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Failure to POST after installing new RAM - Page 2

post #11 of 13
Quote:
Originally Posted by PissFiddles;15469638 
So, given that when I attempted to run them with the same settings as the last modules, 1600MHz, 9-9-9-24 @ 1.64V, the instability would have likely been caused by either too low a voltage or too tight settings? If there is a threshold where voltage becomes too high, I imagine that would also lead to instability. 1.64V would, I assume from what I've read thus far, be too much for this RAM?

Not necessarily. While they may take up to 1.65v (may be needed for higher overclocks), some ram will not like the added volts.

The higher the voltage, the more heat is being produced. Higher volts also reduce the lifespan of the modules. Personally, I like to run my ram with the lowest voltage possible (While maintaining rated frequencies and timings), as I honestly cannot notice a boost in performance from a few hundred MHz.

Since your processor is overclocked, it's also very likely the ram isn't running at the factory rated frequency. Since we don't want to mess with the CPU overclock, lets just lower the ram multiplier and see if we're able to boot.

The CPU is overclocked by either A) Raising the CPU multiplier, or B) Raising the Base Clock. Since most processors have a limit as to how high the multiplier can go, the base clock is raised. Now, not only does that overclock the processor, it also overclocks the ram. Luckily the ram also has a multiplier, which can be lowered or raised (to an extent) in regards to the base clock.

Hope that makes sense. biggrin.gif
Edited by Shift. - 12/26/12 at 11:56am
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post #12 of 13
Thread Starter 
Successful boot at 1200MHz, 10-10-10-24-2T

However, I am encountering the same issue where Windows is only recognising 2 out of the 3 DIMMs, 12GB Installed (8GB Usable)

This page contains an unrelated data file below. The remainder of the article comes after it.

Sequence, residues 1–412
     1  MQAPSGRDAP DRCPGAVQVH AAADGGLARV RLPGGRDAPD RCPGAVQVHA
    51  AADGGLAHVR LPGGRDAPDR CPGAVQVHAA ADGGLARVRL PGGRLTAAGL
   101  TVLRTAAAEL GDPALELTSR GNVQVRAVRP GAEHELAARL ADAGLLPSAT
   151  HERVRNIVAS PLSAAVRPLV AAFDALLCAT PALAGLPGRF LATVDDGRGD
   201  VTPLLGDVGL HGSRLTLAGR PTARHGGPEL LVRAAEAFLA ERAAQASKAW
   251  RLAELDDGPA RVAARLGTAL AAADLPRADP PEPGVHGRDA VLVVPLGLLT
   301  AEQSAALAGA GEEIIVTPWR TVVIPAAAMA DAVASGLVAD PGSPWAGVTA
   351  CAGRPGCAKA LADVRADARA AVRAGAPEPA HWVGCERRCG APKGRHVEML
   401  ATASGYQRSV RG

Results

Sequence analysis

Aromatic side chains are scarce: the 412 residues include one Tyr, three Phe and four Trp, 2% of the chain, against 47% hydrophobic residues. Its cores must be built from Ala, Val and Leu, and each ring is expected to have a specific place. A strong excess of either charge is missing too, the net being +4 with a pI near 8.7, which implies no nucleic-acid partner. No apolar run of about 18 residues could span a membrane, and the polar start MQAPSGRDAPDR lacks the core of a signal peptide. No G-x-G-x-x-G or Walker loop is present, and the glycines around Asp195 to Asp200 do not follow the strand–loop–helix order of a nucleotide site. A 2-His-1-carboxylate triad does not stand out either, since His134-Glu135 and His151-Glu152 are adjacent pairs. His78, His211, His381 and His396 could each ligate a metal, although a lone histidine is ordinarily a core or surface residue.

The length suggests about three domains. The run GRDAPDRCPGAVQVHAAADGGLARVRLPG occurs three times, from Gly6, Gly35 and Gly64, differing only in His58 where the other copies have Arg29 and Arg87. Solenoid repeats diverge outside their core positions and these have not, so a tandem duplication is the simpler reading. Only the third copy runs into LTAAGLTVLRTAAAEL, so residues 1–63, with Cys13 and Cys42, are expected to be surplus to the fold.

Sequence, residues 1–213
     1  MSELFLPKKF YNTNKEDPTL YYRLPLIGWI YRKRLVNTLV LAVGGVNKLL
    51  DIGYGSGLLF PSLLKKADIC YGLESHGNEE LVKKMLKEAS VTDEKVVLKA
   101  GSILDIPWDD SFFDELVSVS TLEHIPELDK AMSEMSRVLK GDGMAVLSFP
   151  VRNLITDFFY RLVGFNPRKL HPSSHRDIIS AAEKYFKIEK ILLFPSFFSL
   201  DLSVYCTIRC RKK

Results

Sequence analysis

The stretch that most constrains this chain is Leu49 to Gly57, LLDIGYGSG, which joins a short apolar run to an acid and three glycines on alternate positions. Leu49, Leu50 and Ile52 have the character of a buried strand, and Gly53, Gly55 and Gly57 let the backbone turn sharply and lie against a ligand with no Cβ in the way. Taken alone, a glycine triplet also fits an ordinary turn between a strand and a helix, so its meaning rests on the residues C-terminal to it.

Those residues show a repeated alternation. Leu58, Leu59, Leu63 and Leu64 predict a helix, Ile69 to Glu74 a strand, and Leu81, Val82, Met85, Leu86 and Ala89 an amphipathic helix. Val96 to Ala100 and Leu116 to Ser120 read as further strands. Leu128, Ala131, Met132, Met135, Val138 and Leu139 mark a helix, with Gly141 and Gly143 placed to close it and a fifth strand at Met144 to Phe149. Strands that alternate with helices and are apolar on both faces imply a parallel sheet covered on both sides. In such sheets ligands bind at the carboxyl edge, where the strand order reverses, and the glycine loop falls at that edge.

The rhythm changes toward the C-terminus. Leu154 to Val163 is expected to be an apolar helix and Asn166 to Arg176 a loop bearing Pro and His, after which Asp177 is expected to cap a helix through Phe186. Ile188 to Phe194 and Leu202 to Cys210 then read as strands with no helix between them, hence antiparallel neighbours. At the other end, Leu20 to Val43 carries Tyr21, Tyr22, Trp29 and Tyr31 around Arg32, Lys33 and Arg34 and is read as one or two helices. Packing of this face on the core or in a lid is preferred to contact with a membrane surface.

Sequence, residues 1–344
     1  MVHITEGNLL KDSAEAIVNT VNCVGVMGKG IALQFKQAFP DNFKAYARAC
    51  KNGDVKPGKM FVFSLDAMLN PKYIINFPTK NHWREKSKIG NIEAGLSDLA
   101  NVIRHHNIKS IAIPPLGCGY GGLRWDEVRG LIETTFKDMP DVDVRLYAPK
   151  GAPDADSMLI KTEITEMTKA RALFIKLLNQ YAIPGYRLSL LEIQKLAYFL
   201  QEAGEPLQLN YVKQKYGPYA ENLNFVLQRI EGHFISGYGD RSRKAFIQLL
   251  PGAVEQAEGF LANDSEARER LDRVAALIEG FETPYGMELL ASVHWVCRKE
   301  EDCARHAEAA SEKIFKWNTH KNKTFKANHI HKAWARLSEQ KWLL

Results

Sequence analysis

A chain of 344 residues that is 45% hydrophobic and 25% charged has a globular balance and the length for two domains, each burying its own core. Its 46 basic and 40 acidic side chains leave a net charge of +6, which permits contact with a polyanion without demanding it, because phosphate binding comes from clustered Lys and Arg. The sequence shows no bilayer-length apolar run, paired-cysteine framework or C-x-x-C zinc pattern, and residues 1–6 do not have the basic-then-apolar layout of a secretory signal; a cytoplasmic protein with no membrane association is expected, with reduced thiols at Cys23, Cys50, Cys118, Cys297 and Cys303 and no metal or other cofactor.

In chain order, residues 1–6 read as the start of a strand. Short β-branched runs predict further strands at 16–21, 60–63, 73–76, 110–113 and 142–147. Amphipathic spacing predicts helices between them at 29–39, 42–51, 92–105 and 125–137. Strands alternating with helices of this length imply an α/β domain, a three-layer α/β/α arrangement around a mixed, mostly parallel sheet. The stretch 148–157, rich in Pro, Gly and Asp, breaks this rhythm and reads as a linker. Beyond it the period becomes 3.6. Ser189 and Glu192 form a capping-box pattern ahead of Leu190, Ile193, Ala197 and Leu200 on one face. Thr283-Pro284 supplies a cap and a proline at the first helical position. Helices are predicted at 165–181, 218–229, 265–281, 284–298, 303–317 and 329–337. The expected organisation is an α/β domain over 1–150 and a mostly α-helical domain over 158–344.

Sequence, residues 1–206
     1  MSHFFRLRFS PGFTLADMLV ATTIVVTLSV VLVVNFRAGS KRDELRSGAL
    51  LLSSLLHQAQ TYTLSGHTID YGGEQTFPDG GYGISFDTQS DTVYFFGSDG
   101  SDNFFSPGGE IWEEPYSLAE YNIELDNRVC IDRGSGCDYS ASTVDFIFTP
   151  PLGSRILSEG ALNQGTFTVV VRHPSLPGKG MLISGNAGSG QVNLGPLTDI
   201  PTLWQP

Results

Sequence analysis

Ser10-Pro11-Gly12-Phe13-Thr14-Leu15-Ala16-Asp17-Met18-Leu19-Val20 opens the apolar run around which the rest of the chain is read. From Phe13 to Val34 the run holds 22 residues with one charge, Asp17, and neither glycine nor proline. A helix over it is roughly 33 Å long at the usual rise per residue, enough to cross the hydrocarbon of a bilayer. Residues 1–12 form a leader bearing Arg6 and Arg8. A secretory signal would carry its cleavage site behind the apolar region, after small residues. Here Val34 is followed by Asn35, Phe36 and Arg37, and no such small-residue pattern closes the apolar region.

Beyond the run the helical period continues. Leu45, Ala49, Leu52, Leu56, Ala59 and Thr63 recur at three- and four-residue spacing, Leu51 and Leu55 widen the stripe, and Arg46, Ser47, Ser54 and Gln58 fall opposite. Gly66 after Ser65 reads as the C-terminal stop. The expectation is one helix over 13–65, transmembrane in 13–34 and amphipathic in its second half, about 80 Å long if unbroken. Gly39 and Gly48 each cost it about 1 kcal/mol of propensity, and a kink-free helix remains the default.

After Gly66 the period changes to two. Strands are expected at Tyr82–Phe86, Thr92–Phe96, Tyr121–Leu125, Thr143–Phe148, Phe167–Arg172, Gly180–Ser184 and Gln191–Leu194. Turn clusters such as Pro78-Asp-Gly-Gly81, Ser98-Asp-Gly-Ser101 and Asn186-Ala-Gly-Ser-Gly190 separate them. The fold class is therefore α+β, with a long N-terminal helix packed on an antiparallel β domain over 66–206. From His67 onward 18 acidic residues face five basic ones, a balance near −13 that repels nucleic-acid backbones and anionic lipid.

Any insights there?


Quote:
Originally Posted by Shift. View Post
Not necessarily. While they may take up to 1.65v (may be needed for higher overclocks), some ram will not like the added volts.

The higher the voltage, the more heat is being produced. Higher volts also reduce the lifespan of the modules. Personally, I like to run my ram with the lowest voltage possible (While maintaining rated frequencies and timings), as I honestly cannot notice a boost in performance from a few hundred MHz.

Since you're processor is overclocked, it's also very likely the ram isn't running at the factory rated frequency. Since we don't want to mess with the CPU overclock, lets just lower the ram multiplier and see if we're able to boot.

The CPU is overclocked by either A) Raising the CPU multiplier, or B) Raising the Base Clock. Since most processors have a limit as to how high the multiplier can go, the base clock is raised. Now, not only does that overclock the processor, it also overclocks the ram. Luckily the ram also has a multiplier, which can be lowered or raise (to an extent) in regards to the base clock.

Hope that makes sense.
That has cleared up a whole lot of misonceptions I had!

+rep!
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post #13 of 13
Quote:
Originally Posted by PissFiddles View Post
Successful boot at 1200MHz, 10-10-10-24-2T

However, I am encountering the same issue where Windows is only recognising 2 out of the 3 DIMMs, 12GB Installed (8GB Usable)

Any insights there?

That has cleared up a whole lot of misonceptions I had!

+rep!
Awesome! At least now we know it's just a matter of finding the correct settings. It's a little harder since you already have an overclock going that we don't want to lose.

Although it would probably be a good idea to save those settings to a BIOS Profile, and start off fresh so you can get the full hang of things. Mainly so you can really understand how each setting works, and you'll be able to troubleshoot issues much easier when they do arise.

Anyways, what we need to do now is get the ram to run at the factory frequency. It'll be a little complicated, since your base clock (BCLK) has obviously been raised. At stock settings it should be:

BCLK: 133, Ram Multiplier: x10, which is effectively 1333MHz.

ex. If your ram was 1600MHz, we'd have to raise the BCLK to 160, while using a ram multi of 10.

In your BIOS you should see what each one is at. I just listed what they would be if you loaded the BIOS defaults. Both those settings need to be adjusted in order to achieve the desired ram frequency.

Now remember, changing the BCLK will also affect the CPU frequency. So you have to keep them both in mind when making adjustments.
Edited by Shift. - 10/26/11 at 10:47pm
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six|speed
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automatic.
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CPUMotherboardGraphicsRAM
i7 4790k Gryphon Z97 Asus GTX760 OC 16GB Crucial Ballistix 
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2x 256GB Crucial MX100 H60 Windows 8.1 Pro OS X Yosemite 
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2x Dell U2414H Seasonic X650 Legacy U3 
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